A Midsummer Night's Dream
Scotland On Sunday.com 21st October 2001

Jackie McGlone

William Shakespeareís A Midsummer Nightís Dream was published 400 years ago. Yet itís full of sex and drugs - think of the central love triangle and Puckís playful way with mind-altering substances. But is it finally about to get the missing postmodern element - a wild injection of rockíníroll? After all, does Oberon not invite his queen "to rock the ground whereon these sleepers be"?

Former Deacon Blue musician Ricky Ross (above), who is writing the music for the new Glasgow Citizens Theatre production, is playing his cards close to his chest. All he will say is that the music heís composed for Giles Havergalís version has "quite a twist". But rockíníroll it ainít, although he concedes thereís a tradition for turning Shakespeareís plays into rock musicals - Forbidden Planet (The Tempest) and Catch My Soul (Othello).

One of the surprising things about Havergalís contemporary take on the play, says Ross, is the fact that the songs are never sung by anyone you expect to warble them. "For instance, he has the fairy song being sung by the rude mechanicals. Heís cut the play very well and structured it rather differently, so it moves apace."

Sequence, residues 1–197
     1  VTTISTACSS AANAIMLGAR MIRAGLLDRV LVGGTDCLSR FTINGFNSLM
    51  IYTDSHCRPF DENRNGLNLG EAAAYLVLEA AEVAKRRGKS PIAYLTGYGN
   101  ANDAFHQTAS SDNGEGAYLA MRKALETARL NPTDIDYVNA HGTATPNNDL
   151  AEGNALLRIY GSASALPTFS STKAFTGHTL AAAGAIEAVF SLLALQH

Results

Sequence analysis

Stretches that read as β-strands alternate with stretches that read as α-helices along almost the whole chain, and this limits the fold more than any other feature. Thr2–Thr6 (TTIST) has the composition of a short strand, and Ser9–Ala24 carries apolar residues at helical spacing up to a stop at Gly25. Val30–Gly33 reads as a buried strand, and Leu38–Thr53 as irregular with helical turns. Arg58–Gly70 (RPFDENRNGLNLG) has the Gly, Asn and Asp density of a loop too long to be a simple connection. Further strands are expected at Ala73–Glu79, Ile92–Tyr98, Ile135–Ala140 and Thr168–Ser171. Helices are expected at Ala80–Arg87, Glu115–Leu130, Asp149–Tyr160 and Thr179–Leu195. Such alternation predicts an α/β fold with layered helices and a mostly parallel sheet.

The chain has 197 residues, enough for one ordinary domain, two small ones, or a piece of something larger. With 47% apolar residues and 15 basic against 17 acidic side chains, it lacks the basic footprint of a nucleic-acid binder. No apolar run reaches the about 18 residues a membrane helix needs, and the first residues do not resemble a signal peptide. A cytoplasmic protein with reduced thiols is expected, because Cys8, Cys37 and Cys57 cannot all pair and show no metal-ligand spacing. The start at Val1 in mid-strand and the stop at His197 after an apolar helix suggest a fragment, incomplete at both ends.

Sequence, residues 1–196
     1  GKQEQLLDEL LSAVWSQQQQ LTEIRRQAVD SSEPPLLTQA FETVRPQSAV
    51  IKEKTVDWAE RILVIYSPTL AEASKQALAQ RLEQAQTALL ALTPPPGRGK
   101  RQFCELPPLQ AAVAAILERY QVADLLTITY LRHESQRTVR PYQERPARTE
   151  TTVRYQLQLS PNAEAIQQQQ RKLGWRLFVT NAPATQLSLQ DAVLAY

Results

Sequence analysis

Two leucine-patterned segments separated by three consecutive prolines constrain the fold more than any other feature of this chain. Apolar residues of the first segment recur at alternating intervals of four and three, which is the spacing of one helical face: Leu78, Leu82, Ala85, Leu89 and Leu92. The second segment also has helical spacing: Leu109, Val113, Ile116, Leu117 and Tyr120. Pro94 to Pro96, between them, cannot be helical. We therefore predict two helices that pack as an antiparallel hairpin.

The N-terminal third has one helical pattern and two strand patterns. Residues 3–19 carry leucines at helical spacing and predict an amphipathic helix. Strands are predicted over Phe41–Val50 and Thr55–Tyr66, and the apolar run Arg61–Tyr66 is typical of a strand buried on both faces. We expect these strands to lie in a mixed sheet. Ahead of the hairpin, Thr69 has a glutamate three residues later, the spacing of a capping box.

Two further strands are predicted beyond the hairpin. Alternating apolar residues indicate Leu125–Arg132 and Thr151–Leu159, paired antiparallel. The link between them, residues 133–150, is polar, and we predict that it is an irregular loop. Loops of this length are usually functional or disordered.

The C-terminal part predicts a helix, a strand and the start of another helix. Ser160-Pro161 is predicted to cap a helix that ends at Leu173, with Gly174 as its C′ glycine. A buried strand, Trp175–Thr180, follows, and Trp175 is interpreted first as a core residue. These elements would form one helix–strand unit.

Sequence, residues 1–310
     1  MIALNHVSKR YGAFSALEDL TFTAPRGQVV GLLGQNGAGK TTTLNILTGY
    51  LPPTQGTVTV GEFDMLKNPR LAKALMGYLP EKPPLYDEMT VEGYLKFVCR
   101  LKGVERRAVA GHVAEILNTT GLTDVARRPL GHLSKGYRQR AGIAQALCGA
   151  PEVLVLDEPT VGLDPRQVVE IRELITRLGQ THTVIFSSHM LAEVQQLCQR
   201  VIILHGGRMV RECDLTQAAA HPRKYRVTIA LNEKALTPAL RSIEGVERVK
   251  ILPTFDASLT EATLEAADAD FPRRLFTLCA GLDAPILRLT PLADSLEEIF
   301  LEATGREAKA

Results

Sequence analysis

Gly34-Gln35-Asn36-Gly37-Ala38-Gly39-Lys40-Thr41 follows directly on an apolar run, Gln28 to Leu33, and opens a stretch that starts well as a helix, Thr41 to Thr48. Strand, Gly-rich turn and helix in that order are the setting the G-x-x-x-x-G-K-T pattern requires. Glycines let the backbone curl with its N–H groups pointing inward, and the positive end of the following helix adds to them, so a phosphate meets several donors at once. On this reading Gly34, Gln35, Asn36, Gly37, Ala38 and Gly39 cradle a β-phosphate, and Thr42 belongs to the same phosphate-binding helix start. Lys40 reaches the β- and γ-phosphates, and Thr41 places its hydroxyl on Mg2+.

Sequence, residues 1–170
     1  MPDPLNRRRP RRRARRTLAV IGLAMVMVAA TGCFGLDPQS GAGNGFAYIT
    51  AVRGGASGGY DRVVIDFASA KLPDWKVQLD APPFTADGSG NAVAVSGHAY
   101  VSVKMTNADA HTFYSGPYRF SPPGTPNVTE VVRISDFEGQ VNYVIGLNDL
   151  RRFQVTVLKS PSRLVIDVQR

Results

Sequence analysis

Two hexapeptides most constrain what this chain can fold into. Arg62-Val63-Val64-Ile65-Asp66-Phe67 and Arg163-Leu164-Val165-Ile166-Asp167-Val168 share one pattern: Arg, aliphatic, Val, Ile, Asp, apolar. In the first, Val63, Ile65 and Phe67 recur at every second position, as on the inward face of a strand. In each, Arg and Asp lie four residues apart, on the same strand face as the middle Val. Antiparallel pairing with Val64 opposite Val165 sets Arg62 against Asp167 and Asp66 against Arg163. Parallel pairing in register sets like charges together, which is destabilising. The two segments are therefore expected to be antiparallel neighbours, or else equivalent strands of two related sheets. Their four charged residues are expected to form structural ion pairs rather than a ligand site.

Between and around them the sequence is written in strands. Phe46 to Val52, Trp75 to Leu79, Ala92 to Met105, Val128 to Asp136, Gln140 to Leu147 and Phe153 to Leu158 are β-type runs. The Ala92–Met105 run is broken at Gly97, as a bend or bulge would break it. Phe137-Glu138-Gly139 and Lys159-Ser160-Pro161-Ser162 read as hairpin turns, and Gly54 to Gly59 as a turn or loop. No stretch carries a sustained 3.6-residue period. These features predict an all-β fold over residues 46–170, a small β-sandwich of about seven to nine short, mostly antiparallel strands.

The Citizensí production has been conceived so that the whole play is a dream, which Ross says he found helpful in creating not only the music but also the accompanying soundscape. "Thereís a dark side to this play, although itís very comic and magical. It has fantastic malevolence, even in the love story. But I do think itís important to convey Shakespeareís compassion, his understanding of the human spirit, so I hope the music complements that."

A former English teacher, Ross is passionate about drama. Until he became a family man - he and his wife, musician and actress Lorraine McIntosh, have two young children - he was a regular at the Citizens, never missing a production. "Theatreís one of the joys of life. If only theyíd start the shows at 9pm - post-bathtime and bedtime - we might get to see more," he sighs. He also wrote the music for Kenny Irelandís sun-drenched very Italian Much Ado About Nothing at Edinburghís Royal Lyceum. "I really love writing for theatre, especially Shakespeare, because, though it may seem an obvious thing to say, you are working with a very, very good writer indeed."

This is a busy time for Ross. Heís just finished mixing the soundtrack for a new TV drama starring Sarah Lancashire. Called Meeting Jesus, itís directed by the Scot, Morag Fullerton. His new album, This is the Life, comes out next year, and Deacon Blue is about to go on the road.

While the rest of us might think that rock stars are pretty cool customers, Ross shyly admits that heís "scared" of actors. "Iím working with someone - Giles Havergal - for whom I have so much admiration and with terrific actors, so Iím just dead chuffed, although I was really petrified on my first day."

Citizens Theatre, Glasgow, October 26-November 17